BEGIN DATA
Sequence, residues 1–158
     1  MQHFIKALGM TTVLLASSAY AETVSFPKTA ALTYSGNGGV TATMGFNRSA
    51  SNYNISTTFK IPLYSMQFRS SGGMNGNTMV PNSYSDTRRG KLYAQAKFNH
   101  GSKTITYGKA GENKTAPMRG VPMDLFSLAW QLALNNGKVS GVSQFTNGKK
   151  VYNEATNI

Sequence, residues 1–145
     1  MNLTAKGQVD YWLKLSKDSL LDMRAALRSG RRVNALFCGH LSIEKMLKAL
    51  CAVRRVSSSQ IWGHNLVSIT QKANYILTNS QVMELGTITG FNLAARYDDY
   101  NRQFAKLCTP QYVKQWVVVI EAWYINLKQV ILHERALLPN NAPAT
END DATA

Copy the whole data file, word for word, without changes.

Sequence, residues 1–158
     1  MQHFIKALGM TTVLLASSAY AETVSFPKTA ALTYSGNGGV TATMGFNRSA
    51  SNYNISTTFK IPLYSMQFRS SGGMNGNTMV PNSYSDTRRG KLYAQAKFNH
   101  GSKTITYGKA GENKTAPMRG VPMDLFSLAW QLALNNGKVS GVSQFTNGKK
   151  VYNEATNI

Sequence, residues 1–145
     1  MNLTAKGQVD YWLKLSKDSL LDMRAALRSG RRVNALFCGH LSIEKMLKAL
    51  CAVRRVSSSQ IWGHNLVSIT QKANYILTNS QVMELGTITG FNLAARYDDY
   101  NRQFAKLCTP QYVKQWVVVI EAWYINLKQV ILHERALLPN NAPAT